We agree with the judge that the plaintiff's proof failed to make out a case on these claims. First, as a consultant, Geltman was not required, on pain of tort liability, to obtain a bid for the Matthew's account from the plaintiff. "Deliberately and at his pleasure, one may ordinarily refuse to deal with another, and the conduct is not regarded as improper, subjecting the actor to liability." Restatement (Second) of Torts, Section 766, comment b. Second, although "[i]t is not necessary that the prospective relationship be expected to be reduced to a formal binding contract", Chemawa Country Golf, Inc. v. Wnuk, 9 Mass. App. Ct. at 510, there was no evidence that the plaintiff had been negotiating with Matthew's or even that it had been habitually dealing with it. There was also no evidence that the plaintiff and Matthew's had any other relationship, short of an actual contract, with which the plaintiff interfered. The mere fact that the plaintiff had called upon Matthew's six times in the hope of leasing trucks to it does not suffice to establish a prospective business relationship sufficient to support the claimed interference. Third, "[i]t is also of the essence [of the tort] . . . that the plaintiff suffer damages as a consequence of the defendant's conduct, and those damages cannot be speculative or conjectural losses." Chemawa Country Golf, Inc. v. Wnuk, ibid. The plaintiff's evidence indicated that it eventually did submit a bid to Matthew's (after learning the amount of its competitor's bid), and that its bid was higher than the one accepted. This make the plaintiff's evidence of damages tenuous at best. The evidence on this aspect of the

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case portrayed a disappointed bidder for which the tort alleged affords no remedy. [Note 6]

2. The G. L. c. 93A claims. The judge sat as a separate fact finder on the plaintiff's c. 93A case. After considering the evidence before the jury on the common law claims and hearing from several additional witnesses, the judge entered a separate memorandum of decision containing findings of fact and conclusions of law. The judge concluded that no violations of G. L. c. 93A had been established.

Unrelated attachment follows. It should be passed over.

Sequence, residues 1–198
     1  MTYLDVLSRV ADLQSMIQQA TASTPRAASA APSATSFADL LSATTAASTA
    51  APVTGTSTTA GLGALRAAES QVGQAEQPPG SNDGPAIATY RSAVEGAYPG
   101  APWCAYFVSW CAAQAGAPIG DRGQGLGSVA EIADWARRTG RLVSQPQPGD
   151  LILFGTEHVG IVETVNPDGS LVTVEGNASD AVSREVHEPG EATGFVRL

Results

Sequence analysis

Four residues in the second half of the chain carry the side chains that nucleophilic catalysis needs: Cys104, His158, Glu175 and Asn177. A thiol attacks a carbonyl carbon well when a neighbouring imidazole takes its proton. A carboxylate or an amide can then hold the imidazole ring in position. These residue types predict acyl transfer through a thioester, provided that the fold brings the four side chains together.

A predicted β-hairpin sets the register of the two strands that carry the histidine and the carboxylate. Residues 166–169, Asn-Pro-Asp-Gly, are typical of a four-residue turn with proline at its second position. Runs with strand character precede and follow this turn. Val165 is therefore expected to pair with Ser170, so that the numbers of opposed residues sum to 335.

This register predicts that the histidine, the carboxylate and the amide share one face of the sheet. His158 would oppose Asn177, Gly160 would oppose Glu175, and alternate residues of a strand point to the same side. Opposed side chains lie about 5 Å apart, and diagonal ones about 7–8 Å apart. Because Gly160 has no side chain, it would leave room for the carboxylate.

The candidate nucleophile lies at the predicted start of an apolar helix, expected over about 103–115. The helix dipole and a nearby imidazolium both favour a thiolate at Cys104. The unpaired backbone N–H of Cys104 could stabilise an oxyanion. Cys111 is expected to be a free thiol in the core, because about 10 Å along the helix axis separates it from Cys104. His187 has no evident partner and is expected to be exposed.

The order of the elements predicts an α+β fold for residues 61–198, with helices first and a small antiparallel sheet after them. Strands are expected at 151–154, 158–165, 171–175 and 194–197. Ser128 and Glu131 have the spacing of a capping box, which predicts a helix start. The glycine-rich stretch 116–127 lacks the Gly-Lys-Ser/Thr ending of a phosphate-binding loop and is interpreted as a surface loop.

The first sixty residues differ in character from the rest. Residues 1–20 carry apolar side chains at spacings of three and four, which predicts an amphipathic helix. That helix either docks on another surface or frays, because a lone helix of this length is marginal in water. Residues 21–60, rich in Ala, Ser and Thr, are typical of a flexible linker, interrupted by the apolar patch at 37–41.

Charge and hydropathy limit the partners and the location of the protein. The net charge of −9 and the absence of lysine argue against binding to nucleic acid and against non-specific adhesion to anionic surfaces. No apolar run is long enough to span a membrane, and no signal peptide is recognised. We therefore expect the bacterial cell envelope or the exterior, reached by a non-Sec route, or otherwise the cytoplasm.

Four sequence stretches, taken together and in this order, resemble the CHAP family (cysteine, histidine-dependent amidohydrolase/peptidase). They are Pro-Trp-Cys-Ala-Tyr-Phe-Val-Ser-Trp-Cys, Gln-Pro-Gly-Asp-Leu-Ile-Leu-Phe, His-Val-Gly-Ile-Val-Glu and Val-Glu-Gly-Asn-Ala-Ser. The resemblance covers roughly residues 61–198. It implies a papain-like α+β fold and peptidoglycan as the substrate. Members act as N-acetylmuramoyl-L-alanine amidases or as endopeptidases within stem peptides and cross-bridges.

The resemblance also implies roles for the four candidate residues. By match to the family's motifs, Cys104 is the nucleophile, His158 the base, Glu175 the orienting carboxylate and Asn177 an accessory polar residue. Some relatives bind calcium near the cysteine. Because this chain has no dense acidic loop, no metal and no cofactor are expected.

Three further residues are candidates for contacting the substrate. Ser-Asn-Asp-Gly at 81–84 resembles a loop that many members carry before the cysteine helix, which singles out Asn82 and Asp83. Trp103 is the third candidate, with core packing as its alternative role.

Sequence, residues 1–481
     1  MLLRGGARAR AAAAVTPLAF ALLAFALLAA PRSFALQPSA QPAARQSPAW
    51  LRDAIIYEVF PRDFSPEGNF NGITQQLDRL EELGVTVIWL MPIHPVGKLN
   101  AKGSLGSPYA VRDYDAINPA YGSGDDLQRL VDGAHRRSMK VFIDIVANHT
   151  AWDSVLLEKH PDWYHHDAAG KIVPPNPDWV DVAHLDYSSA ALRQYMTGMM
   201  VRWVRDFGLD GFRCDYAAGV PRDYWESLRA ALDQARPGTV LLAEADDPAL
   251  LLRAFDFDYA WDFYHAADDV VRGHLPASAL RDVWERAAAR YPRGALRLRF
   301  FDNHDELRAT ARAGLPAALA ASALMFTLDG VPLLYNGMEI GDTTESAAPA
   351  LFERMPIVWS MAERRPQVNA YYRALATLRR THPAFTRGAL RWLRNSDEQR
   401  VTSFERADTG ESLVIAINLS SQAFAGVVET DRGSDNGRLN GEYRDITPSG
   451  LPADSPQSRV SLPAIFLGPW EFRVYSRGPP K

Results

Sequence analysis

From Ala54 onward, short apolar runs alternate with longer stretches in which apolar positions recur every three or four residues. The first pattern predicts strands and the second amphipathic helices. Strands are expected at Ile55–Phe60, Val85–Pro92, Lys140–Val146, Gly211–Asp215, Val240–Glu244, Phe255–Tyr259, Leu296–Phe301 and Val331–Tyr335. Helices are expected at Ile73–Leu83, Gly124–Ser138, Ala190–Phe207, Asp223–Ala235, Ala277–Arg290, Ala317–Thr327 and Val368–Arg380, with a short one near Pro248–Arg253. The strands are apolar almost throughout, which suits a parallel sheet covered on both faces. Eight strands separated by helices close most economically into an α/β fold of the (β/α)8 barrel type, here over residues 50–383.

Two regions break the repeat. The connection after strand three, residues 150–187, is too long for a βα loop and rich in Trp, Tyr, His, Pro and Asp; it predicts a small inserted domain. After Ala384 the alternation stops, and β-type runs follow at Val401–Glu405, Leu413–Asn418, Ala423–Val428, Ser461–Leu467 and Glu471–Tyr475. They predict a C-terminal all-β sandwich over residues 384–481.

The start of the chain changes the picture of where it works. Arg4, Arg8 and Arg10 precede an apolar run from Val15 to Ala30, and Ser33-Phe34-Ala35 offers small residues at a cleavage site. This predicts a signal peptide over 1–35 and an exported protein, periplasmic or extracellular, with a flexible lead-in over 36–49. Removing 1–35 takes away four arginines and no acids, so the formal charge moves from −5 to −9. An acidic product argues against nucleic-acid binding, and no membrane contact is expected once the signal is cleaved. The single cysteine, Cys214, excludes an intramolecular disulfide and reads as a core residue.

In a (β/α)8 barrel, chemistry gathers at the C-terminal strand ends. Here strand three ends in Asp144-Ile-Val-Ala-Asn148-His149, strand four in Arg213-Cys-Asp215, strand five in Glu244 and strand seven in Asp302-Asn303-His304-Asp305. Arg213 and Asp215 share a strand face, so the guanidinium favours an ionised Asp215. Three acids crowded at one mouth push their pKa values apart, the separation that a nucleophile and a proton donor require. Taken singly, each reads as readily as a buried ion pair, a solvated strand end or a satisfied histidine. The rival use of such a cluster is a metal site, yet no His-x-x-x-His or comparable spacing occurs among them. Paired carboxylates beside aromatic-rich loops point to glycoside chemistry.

The plaintiff maintained to the judge that Geltman had excluded it unfairly from bidding opportunities, sought to manipulate bids to increase Industrial's income at the plaintiff's expense, and had threatened the plaintiff in order to coerce it into complying with bid rigging schemes. In his memorandum, the judge stated that he found that these "allegations [were] unsupported by credible evidence." He also found that the plaintiff "has been invited to bid to [the defendants'] clients and that it has existing leases with a dozen or so [of the defendants'] clients."

The plaintiff's particularized allegations of unfair conduct presented a question of fact for the judge. See Spence v. Boston Edison Co., 390 Mass. 604, 616 (1983). The judge resolved the allegations on the basis of credibility determinations after a full trial on the merits. His further finding that the plaintiff had access to the defendants' clients has support in the record. Because the judge's findings are not clearly erroneous, see First Penn. Mortgage Trust v. Dorchester Sav. Bank, 395 Mass. 614, 621-624 (1985), we will not disturb them.

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Additionally, the judge evaluated Geltman's conduct as a whole to ascertain whether it fell within the broad (and somewhat elusive) concept of unfairness set forth in PMP Associates, Inc. v. Globe Newspaper Co., 366 Mass. 593, 596 (1975). The judge concluded that the conduct was not unfair, summing up his view as follows:

"Geltman did what lawyers, accountants and financial advisors do every day, and he did it for the benefit of his clients. His means did not entail the misuse of proprietary or otherwise confidential information or any other `shady' practice, and harm to [the plaintiff] was not his objective. Rather, he analyzed lessors' bids with a practiced eye and advised his clients about them, and on occasion he represented clients in negotiations with bidders. That `middleman' role presents opportunities for misconduct, but the function itself is not illicit and the evidence here does not show that Geltman performed it improperly."